Saturday, February 14, 2009

The Big Picture: For Obama and the Democrats, Ideology is the Enemy

The urgently necessary recovery package nearly sunk when President Obama was too deferential and aloof in his support for it, and was only resuscitated when he launched a full-throated campaign for the package, beginning with what the media described as a partisan speech in Williambsurg, Virginia before an audience of Congressional Democrats. Still, many observers including myself fear that the bill Obama will sign may not be up to the task because it acceded too much to the wishes of the center-right in the Senate. So why would I say that Obama and the Democrats must remember that ideology is the enemy?

It begins with how we define "ideology" or "ideological". To be non-ideological does not mean being nonpartisan, does not mean being in the center of the current spectrum in Washington. The way we see it, Campbell Brown of CNN, whose show is called "No Bias, No Bull" and says her goal is "keeping them honest", is far more ideological than a so-called "leftist intellectual" like Paul Krugman, who calls for a stimulus bill of twice the size and nationalizing the banks. Krugman's clear goal is economic recovery, while Brown wants to expose the wastefulness of big government. Krugman cares about what works for people's lives, Brown wants to make an ideological point.

President Obama's Inaugural Address was an anti-ideological manifesto, and as the Strike, Lady Strike, and I stood out on the Washington Mall in the cold, we marveled at Obama's ability to rise above ideological labels so as to become far more effective. It was very un-fitting, however, that my girlfriend the Picturette had to leave D.C. the afternoon before so she could go to her first day of class in her Economics PhD program. On the plus side the perpetually cold Picturette avoided freezing, but I missed her during the speech because she has showed me how life works a lot better when we put away our assumptions about how things are and our predetermined postures on what we should do about it - our ideology - and instead see the world as it actually is, and evaluate actions based on whether they work. Now, anyone who knows me will howl in protest that I'm still very opinionated, but they should admit that I'm not nearly as ideological as I used to be. For example, I used to think that guys who went to the gym were all self-obsessed airheads who cared way too much about their looks, but the Picturette disabused me of that ideology, and now I value going to the gym because of the positive results. Another example is that I used to only cook with olive oil, believing that cooking spray was inauthentic and made the food taste bad. The Picturette showed me that cooking spray is healthier and doesn't affect the taste. The Picturette became more confident in my cooking when I proved that my goal was health and taste, and not some vague notion of authenticity and purity. The point is that ideology is harmful to delivering results, and being ideological makes you less popular and less credible.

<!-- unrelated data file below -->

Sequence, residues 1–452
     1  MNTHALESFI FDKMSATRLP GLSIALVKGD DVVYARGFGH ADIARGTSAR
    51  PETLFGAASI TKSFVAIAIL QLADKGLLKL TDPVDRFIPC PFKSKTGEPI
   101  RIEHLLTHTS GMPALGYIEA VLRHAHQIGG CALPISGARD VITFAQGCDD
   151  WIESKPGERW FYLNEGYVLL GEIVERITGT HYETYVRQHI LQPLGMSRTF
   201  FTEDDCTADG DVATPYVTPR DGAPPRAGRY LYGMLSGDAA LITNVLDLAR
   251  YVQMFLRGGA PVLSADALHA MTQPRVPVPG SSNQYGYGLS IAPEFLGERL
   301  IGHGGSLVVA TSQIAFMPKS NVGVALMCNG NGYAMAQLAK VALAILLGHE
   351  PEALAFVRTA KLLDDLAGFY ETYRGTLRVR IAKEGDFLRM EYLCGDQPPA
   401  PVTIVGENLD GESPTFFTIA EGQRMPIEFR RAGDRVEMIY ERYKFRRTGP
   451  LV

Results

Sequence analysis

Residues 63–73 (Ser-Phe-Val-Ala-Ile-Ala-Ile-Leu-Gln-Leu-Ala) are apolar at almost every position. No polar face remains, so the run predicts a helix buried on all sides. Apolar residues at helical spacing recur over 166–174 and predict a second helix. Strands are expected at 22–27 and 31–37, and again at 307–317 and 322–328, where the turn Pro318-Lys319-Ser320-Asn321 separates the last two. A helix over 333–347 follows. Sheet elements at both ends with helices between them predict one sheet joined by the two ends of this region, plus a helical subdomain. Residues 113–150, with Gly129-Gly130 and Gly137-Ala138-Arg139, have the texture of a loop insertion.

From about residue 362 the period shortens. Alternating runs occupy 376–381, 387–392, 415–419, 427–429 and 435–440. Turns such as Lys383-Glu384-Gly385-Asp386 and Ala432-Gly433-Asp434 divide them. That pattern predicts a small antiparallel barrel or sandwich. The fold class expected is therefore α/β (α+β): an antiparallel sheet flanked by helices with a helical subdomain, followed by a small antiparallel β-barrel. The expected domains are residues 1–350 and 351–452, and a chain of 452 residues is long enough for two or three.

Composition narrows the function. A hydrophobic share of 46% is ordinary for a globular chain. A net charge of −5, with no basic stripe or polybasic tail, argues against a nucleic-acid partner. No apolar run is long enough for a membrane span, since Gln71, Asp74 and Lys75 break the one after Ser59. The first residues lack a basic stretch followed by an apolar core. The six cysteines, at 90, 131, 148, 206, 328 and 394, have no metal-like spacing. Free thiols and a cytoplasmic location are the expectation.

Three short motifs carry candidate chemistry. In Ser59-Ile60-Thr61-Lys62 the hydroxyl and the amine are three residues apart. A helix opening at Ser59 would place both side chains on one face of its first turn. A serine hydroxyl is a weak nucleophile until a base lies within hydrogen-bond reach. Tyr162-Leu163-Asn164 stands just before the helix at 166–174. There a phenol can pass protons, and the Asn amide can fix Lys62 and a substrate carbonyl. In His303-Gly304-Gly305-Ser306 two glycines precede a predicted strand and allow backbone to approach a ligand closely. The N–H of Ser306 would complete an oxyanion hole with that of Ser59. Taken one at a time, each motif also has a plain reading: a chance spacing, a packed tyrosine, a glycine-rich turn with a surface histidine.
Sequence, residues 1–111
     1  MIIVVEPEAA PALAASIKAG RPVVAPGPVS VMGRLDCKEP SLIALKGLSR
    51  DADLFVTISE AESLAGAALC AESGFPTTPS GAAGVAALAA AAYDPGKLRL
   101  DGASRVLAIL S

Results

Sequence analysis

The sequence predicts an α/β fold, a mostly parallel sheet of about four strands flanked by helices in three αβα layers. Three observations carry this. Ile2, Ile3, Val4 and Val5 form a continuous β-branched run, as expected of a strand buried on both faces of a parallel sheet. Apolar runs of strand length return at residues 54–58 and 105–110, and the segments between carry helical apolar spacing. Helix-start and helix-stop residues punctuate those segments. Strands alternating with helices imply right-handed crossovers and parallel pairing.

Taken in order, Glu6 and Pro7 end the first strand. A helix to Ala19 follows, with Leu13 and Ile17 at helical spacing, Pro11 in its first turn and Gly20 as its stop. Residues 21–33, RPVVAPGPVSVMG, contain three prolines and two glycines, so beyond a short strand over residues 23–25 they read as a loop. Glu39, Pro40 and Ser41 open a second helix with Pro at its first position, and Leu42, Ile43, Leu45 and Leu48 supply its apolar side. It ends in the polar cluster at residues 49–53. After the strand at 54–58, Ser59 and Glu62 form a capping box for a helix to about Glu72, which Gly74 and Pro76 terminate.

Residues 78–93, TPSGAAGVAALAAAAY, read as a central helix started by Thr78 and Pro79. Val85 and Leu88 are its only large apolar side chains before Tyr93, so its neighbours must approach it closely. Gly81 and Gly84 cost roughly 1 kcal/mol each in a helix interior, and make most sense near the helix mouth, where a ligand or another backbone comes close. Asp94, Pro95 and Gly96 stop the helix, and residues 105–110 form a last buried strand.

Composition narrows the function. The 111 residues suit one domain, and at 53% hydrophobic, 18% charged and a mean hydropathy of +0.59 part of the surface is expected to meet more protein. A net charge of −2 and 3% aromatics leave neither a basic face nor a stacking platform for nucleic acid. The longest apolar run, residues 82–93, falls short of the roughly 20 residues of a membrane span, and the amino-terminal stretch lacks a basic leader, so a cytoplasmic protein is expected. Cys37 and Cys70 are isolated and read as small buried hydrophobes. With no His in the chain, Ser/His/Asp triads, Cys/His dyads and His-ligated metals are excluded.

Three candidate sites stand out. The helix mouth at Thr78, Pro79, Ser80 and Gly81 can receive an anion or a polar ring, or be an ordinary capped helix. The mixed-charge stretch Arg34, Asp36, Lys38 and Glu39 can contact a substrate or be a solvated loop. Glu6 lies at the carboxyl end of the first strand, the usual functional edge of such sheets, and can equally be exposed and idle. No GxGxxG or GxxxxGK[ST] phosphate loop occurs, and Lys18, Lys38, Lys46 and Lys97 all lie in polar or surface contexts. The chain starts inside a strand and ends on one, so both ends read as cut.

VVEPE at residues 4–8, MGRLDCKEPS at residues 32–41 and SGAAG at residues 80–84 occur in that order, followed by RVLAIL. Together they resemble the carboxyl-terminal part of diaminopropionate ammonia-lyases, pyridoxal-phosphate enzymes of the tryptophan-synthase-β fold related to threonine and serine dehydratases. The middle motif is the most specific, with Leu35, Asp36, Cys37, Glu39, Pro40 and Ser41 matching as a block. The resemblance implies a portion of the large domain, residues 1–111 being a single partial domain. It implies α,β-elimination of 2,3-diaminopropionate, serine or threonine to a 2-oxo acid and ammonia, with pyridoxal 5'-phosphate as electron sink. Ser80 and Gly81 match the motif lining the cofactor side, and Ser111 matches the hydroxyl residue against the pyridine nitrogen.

This is especially true when desperate times demand urgency of action, and we have to compromise even the more principled elements of our ideology because doing nothing is not an option. I'll give you one more personal example: a little over a year ago, the Picturette and I took a trip through the South, and after a wild night on Bourboun Street in New Orleans, the Picturette needed a new camera. We were driving through Mississippi, and it quickly became apparent from conversations at gas stations that the only option was to go to the Wal-Mart near Jackson. Ideologically, I am opposed to spending money at Wal-Mart because of their labor practices, how they've destroyed small towns, their political contributions, etc. etc. If I had refused to let us buy the camera there, they wouldn't have had our 20 bucks, which would have done nothing except make me feel self-righteous. And we would not have a camera to document our journey, and more importantly for my sake, the Picturette might have taken the first flight home, or at the very least would not have listened to my input on anything else because she could not have trusted that I was acting in our best interest, and not in the interest of our ideology.

This same logic applies to the economic recovery. Due to the urgency of the situation, I have never felt less ideological. In other words, I really don't care what measures are taken to get the economy moving again, as long as they work. For example, with times this desperate, I would be in favor of big tax cuts for business or handouts to Wall Street bankers who got us into this mess or longer work hours for nurses- policies I would normally despise - if I was convinced by experts that those were the policies necessary to turn the economy around. We can't be concerned with what "undeserving" groups we're "rewarding", as long as we can trust that the policy is being done with the best interest of the economy in mind. By the same token, we should not trust anybody who makes arguments about the economic recovery that are rooted in anything other than what's most effective. Those are ideological arguments, whether they come from libertarians who just don't want government spending because it offends their principles, or from "proud centrists" in the Senate who want to trim the stimulus to show that they're more responsible, and just as importantly to populists who are outraged that Wall Street is being bailed out, and to environmentalists who are outraged that there's too much in the stimulus bill for highways. For policy-makers and analysts in Congress, the White House, and in the media, the questions can not be: am I comfortable with this? does this sound good? but rather one question, and one question only: does it WORK?